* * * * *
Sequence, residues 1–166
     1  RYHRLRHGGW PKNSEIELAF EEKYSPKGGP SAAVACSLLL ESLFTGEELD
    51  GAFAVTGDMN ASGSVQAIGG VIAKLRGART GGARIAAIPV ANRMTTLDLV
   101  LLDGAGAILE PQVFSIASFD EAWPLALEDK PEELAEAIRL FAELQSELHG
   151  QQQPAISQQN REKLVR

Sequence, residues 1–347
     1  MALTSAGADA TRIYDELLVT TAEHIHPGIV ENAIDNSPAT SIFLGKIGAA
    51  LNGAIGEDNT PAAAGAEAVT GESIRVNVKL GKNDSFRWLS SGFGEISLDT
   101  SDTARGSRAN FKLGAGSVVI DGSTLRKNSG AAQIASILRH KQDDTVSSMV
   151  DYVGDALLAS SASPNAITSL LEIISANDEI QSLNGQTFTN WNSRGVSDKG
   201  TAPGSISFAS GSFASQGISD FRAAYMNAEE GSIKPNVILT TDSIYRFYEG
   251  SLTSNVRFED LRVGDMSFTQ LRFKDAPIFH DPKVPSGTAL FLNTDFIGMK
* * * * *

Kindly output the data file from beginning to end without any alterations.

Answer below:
Sequence, residues 1–166
     1  RYHRLRHGGW PKNSEIELAF EEKYSPKGGP SAAVACSLLL ESLFTGEELD
    51  GAFAVTGDMN ASGSVQAIGG VIAKLRGART GGARIAAIPV ANRMTTLDLV
   101  LLDGAGAILE PQVFSIASFD EAWPLALEDK PEELAEAIRL FAELQSELHG
   151  QQQPAISQQN REKLVR

Sequence, residues 1–347
     1  MALTSAGADA TRIYDELLVT TAEHIHPGIV ENAIDNSPAT SIFLGKIGAA
    51  LNGAIGEDNT PAAAGAEAVT GESIRVNVKL GKNDSFRWLS SGFGEISLDT
   101  SDTARGSRAN FKLGAGSVVI DGSTLRKNSG AAQIASILRH KQDDTVSSMV
   151  DYVGDALLAS SASPNAITSL LEIISANDEI QSLNGQTFTN WNSRGVSDKG
   201  TAPGSISFAS GSFASQGISD FRAAYMNAEE GSIKPNVILT TDSIYRFYEG
   251  SLTSNVRFED LRVGDMSFTQ LRFKDAPIFH DPKVPSGTAL FLNTDFIGMK